• Imperfectly invertible, e.g. on ellipsoid and
geoid, computational error, rounding etc.
• Some transformations use iterative methods i.e.
algorithms, not formulas

18
Geographic Coordinate Transformation
19
Equatorial Mercator Transformation
20
Planar Geometry vs. Spherical Geometry
• Rule of Sines Distance between points

21
Planar Map Transformations on Points - Length of
a line
• Repetitive application of point-to-point distance
calculation
• For n points, algorithm/formula uses n-1 segments

22
Planar Map Transformations on Points - Centroids
• Multiple point or line or area to be transformed
to single point
• Point can be "real" or representative
• Mean center simple to compute but may fall
outside point cluster or polygon
• Can use point-in-polygon to test for inclusion

23
Planar Map Transformations on Points - Standard
Distance
• Just as centroid is an indication of
representative location, standard distance is
mean dispersion
• Equivalent of standard deviation for an
attribute, mean variation from mean
• Around centroid, makes a "radius" tracing a
circle

24
Planar Map Transformations on Points - Nearest
Neighbor Statistic
• NNS is a single dimensionless scalar that
measures the pattern of a set of point (point-gt
scalar)
• Computes nearest point-to-point separation as a
ratio of expected given the area
• Highly sensitive to the area chosen

25
Planar Map Transformations Based on Lines -
Intersection of two lines
• Absolutely fundamental to many mapping
operations, such as overlay and clipping.
• In raster mode it can be solved by layer overlay.
• In vector mode it must be solved geometrically.
• Lines (2) to point transformation

26
Planar Map Transformations Based on Lines -
Intersection of two lines (cnt.)
• When using this algorithm, a problem exists when
b2 - b1 0 (divide by zero)
• Special case solutions or tests must be used
• These can increase computation time greatly
• Computation time can be reduced by pre-testing,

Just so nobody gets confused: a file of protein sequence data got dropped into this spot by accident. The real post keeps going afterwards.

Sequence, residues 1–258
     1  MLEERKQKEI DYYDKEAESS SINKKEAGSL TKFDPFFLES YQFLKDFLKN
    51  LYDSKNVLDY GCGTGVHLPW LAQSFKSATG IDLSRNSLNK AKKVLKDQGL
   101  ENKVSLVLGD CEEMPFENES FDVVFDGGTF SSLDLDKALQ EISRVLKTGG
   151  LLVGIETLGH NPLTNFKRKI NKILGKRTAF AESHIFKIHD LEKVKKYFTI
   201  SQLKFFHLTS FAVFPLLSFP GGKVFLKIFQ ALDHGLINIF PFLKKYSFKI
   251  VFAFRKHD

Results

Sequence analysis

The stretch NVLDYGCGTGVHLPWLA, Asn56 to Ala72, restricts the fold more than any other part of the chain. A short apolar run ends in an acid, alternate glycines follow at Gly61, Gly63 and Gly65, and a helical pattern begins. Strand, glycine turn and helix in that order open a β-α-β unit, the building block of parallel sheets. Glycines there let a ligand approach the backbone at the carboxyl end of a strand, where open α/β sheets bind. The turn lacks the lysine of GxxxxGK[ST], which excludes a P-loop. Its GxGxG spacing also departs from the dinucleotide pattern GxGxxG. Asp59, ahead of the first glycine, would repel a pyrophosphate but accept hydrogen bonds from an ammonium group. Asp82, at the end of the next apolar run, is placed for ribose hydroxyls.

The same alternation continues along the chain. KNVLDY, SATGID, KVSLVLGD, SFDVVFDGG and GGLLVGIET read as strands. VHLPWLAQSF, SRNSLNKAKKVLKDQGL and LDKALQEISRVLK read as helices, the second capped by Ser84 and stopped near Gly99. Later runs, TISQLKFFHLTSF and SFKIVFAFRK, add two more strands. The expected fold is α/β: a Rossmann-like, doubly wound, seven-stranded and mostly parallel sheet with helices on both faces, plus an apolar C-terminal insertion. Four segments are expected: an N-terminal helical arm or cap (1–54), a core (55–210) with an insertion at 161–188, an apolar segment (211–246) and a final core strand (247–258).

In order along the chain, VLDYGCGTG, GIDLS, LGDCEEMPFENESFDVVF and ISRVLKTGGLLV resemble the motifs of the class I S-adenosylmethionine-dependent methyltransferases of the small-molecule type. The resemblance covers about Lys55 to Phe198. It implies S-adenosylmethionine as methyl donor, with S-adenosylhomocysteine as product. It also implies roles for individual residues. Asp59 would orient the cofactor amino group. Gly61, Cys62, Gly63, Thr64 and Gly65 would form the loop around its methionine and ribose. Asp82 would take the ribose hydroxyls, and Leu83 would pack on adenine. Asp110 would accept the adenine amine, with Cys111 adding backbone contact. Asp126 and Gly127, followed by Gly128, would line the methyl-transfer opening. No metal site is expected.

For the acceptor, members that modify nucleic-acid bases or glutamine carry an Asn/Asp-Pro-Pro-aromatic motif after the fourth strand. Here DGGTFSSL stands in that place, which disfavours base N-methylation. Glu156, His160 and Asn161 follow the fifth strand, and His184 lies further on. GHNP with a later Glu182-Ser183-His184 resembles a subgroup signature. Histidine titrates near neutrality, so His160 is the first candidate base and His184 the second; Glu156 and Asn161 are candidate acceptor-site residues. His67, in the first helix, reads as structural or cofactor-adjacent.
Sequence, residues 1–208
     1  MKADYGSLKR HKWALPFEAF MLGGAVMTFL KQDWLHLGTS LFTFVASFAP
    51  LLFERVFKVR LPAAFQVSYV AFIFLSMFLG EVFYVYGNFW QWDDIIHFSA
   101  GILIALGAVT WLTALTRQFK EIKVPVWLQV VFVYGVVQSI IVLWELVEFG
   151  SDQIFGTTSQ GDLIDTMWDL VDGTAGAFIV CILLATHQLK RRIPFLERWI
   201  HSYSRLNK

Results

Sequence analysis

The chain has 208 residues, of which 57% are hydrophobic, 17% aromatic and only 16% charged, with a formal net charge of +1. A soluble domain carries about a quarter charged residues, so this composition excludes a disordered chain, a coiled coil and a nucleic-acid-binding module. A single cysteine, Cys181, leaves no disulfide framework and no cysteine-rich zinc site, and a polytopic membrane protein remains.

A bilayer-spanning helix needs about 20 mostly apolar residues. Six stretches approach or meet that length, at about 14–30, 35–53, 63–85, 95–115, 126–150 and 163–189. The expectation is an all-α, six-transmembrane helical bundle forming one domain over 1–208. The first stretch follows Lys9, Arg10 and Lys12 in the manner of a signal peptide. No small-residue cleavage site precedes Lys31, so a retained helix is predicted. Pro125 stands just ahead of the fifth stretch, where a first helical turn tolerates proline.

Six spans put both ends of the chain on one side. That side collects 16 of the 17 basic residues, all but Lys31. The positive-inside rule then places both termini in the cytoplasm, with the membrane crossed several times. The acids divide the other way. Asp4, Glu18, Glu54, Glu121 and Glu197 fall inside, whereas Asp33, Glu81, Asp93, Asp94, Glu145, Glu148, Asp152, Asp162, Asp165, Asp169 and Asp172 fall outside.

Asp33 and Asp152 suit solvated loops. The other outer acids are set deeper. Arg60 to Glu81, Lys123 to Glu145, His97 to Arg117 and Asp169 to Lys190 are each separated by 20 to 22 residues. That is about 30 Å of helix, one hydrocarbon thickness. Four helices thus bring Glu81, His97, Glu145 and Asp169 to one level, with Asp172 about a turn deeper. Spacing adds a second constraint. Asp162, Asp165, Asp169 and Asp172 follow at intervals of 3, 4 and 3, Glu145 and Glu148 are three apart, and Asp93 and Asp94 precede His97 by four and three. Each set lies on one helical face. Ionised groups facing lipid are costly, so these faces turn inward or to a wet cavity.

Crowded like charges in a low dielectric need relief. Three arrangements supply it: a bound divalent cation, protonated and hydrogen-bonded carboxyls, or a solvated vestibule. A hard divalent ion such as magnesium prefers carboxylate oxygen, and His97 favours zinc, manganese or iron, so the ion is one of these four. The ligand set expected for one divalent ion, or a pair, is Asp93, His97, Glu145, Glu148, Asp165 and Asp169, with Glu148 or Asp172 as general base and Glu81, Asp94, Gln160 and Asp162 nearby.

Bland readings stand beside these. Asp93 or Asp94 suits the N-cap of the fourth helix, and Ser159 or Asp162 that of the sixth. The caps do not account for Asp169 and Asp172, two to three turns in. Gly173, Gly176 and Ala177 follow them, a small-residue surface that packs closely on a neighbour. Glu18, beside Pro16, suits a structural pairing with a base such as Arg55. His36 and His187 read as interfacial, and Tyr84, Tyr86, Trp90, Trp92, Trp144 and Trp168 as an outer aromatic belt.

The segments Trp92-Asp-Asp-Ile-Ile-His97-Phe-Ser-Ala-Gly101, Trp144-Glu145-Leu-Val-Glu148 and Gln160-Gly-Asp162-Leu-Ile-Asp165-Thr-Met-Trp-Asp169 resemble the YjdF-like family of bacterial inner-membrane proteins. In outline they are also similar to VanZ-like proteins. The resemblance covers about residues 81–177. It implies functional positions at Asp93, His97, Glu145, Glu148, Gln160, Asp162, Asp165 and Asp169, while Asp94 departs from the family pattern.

e.g. based on bounding box.

27
Planar Map Transformations Based on Lines -
Distance from a Point to a Line
28
Planar Map Transformations Based on Areas
• Computing the area of a vector polygon (closed)
• Manually, many methods are used, e.g. cell
counts, point grid.
• For a raster, simply count the interior pixels
• Vector Mode more complex

29
Planar Map Transformations Based on Areas
30
Planar Map Transformations Based on Areas -
Point-in-Polygon
• Again, a basic and fundamental test, used in many
algorithms.
• For raster mode, use overlay.
• For vector mode, many solutions.
• Most commonly used is the Jordan Arc Theorem
• Tests every segment for line intersection.
• Test point selected to be outside polygon.

31
Planar Map Transformations Based on Areas -
Theissen Polygons
• Often called proximal regions or voronoi diagrams
• Often used for contouring terrain, climate,
interpolation, etc

http//en.wiki.mcneel.com/default.aspx/McNeel/Poin
tsetReconstruction.html
32
Affine Transformations
• These are transformation of the fundamental
geometric attributes, i.e. location.
• Influence absolute location, not relative or
topological
• Necessary for many operations, e.g. digitizing,
scanning, geo-registration, and display
• Affine Transformations take place in three steps
(TRS) in order
• Translation
• Rotation
• Scaling

33
Affine Transformations - Translation
• Movement of the origin between coordinate systems

34
Affine Transformations - Rotation
• Rotation of axes by an angle theta

35
Affine Transformations - Scaling
• The numbers along the axes are scaled to
represent the new space scale

36
Affine Transformations
• Possible to use matrix algebra to combine the
whole transformation into one matrix
multiplication.
• Step must then be applied to every point

37
Statistical Space Transformations - Rubber
Sheeting
• Select points in two geometries that match
• Suitable points are targets, e.g. road
intersections, runways etc
• Use least squares transformation to fit image to
map
• Involves tolerance and error distribution
• x y T u v then applied to all pixels
• May require resampling to higher or lower density

38
Statistical Space Transformations - Cartograms
• also known as value-by-area maps and varivalent
projections (Tobler, 1986)
• Deliberate distortion of geometry to new "space"
• Type of non-invertible map projection

39
Symbolization Transformations
• Screen coordinates are often reduced to a
"satndard" device Normalization Transformation
• Standard Device display dimensions are (0,0) to
(1,1)
• World Coordinates-gt Normalized Device Coordinates
gt Device Coordinates

40
Drawing Objects
• Most use model of primitives and attributes
• The Graphical Kernel System (GKS) has six
primives, each has multiple attributes.

41
Next Lecture
• Data Structure Transformation